Macroparasites of introduced parakeets in Italy: a possible role for parasite-mediated competition
- 222 Downloads
Alien species are considered a cause of biodiversity loss throughout the world. An important but often overlooked form of competition with native species is the parasite-mediated one. Introduced species may bring their own parasites from their native ranges (spillover) or get native parasites from native species, thus increasing the parasites’ spread and transmission risk (spillback). Thus, a complete knowledge of parasites hosted by introduced species is important to assess and to possibly prevent impacts. Ring-necked and monk parakeets have been introduced in many European countries, where they established a number of alien reproductive populations. We sampled 21 ring-necked parakeets and 7 monk parakeets from Italy and identified 35 arthropod ectoparasites belonging to five species. Amongst those, one species was native to India (Neopsittaconirmus lybartota), where alien populations of ring-necked parakeet may have been originated, and one species from South America (Paragoniocotes fulvofasciatus), which is typically found of the monk parakeet in its native range. The other three species of arthropod parasites were native to Italy and commonly found on native species, suggesting the possibility of spillback processes.
KeywordsAlien species Monk parakeet Ring-necked parakeet Ectoparasites Spillover Spillback
We thank S. Martone and M. Scalzo for the parasite collection respectively in Pavia and Follonica, as well as Francesca Manzia and the staff of LIPU’s wildlife rescue centre of Rome for helping in parasite collection in Rome. Fabio Mazzetto and Enrico Busato (University of Turin) kindly took pictures to some parasites. We acknowledge the support provided by European Cooperation in Science and Technology COST Action ES1304 (ParrotNet) for the realisation of this paper. The contents of this paper are the authors’ responsibility and neither COST nor any person acting on its behalf is responsible for the use which might be made of the information contained in it. An anonymous reviewer kindly improved the first draft of this manuscript.
Compliance with ethical standards
All applicable international, national and/or institutional guidelines for the care and use of animals were followed.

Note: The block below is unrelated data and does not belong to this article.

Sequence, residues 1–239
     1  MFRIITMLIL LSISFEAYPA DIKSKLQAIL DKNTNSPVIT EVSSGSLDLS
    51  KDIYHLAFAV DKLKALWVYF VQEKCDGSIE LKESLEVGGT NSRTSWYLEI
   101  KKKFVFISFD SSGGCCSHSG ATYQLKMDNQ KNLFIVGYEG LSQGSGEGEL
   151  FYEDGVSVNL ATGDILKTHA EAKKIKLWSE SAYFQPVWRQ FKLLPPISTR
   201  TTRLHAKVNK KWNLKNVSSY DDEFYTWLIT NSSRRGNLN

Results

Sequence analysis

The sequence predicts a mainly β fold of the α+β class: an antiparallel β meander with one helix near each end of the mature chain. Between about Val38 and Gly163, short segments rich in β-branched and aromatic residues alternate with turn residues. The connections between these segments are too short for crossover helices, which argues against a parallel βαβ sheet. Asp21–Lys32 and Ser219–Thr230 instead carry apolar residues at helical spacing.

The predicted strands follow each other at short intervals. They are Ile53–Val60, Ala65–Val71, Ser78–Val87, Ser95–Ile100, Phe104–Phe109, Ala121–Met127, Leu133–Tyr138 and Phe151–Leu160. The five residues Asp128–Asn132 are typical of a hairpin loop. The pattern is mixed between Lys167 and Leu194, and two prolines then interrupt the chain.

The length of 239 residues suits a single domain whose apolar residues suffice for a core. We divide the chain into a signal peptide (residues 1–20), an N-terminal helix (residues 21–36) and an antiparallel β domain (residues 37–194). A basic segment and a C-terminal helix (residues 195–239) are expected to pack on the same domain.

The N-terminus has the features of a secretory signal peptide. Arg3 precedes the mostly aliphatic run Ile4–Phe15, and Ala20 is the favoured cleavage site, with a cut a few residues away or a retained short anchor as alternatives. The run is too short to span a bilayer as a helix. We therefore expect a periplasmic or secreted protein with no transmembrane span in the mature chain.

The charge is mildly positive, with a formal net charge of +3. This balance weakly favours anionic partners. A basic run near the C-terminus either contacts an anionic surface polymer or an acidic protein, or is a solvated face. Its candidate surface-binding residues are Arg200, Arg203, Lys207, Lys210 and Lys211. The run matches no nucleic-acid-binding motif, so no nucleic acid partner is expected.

Conflict of interest
The authors declare that they have no conflict of interest.
- Aramburù R, Calvo S, Alzugaray ME, Cicchino A (2003) Ectoparasitic load of monk parakeet (Myiopsitta monachus, Psittacidae) nestlings. Ornitol Neotrop 14:415–418Google Scholar
- Balbo T, Rossi L, Meneguz PG (1988) Integrated control of Fascioloides magna infection in northern Italy. Parassitologia 31:137–144Google Scholar
- Beaucournu JC, Launay H (1990) Les puces de France et du bassin Méditerranéen occidental. Faune Fr :76. Federation FranÇaise des Sociètès de Sciences Naturelles (Eds.), Paris, FranceGoogle Scholar
- Clay T (1976) Geographical distribution of the avian lice (Phthiraptera): a review. J Bombay Nat Hist Soc 71:536–547Google Scholar
- Khouri C, Maroli M (2004) La zecca del piccione Argas reflexus (Acari: Argasidae) ed i rischi per la salute umana. Ann Ist Super Sanita 40:427–432Google Scholar
- Menchetti M, Scalera R, Mori E (2014) First record of a possibly overlooked impact by alien parrots on a bat (Nyctalus leisleri). Hystrix, Ital J Mammal 25:61–62Google Scholar
- Mori E, Ancillotto L, Menchetti M, Romeo C, Ferrari N (2013b) Italian red squirrels and introduced parakeets: victims or perpetrators? Hystrix, Ital J Mammal 24:195–196Google Scholar
- Palma RL (1973) Sobre algunos Mallophaga de Aves de la Republica Argentina Insecta. Physis B Aires 3285:483–498Google Scholar
- Picaglia L (1885) Pediculini nuovi del Museo di Zoologia ed Anatomia Comparata della R. Università di Modena. Atti Soc Ital Sci Nat 28:82–90Google Scholar
- Price RD, Hellenthal RA, Palma RL (2003) World checklist of chewing lice with host associations and keys to families and genera. In: Price RD, Hellenthal RA, Palma RL, Johnson KP, Clayton DH (Eds) The Chewing Lice: World Checklist and Biological Overview. Illinois Natural History Survey Special Publication, Champaign-Urbana, Illinois, USA: p 1–448Google Scholar
- Scalera R (2001) Il parrocchetto dal collare Psittacula kramer. In: Scalera R (ed) Invasioni biologiche. Le introduzioni di vertebrati in Italia: un problema tra conservazione e globalizzazione. Corpo Forestale dello Stato e Ministero delle Politiche Agricole e Forestali, Rome, pp 195–199Google Scholar
- Smit FGAM (1966) Tarsopsylla Wagner, 1927. In: Smit FGAM (ed) Siphonaptera. Insecta Helvetica Catalogum. Imprimerie La Concorde Lausanne, Lausanne, pp 56–57Google Scholar
- Smit FGAM (1983) Key to the genera and subgenera of Ceratophyllidae. In: Traub R, Rothschild M, Haddow J (eds) The Rothschild collection of fleas: the Ceratophyllidae: key to the genera and host relationships: with notes on evolution, zoogeography and medical importance. Cambridge University Press/Academic Press, Cambridge, pp 1–36Google Scholar
- Whitaker AP (2007) Handbooks for the identification of British Insects, Vol. 1, Part 1b, 2nd edn. Field Studies Council Shrewsbury, Royal Entomological Society of London (Eds.), London, UKGoogle Scholar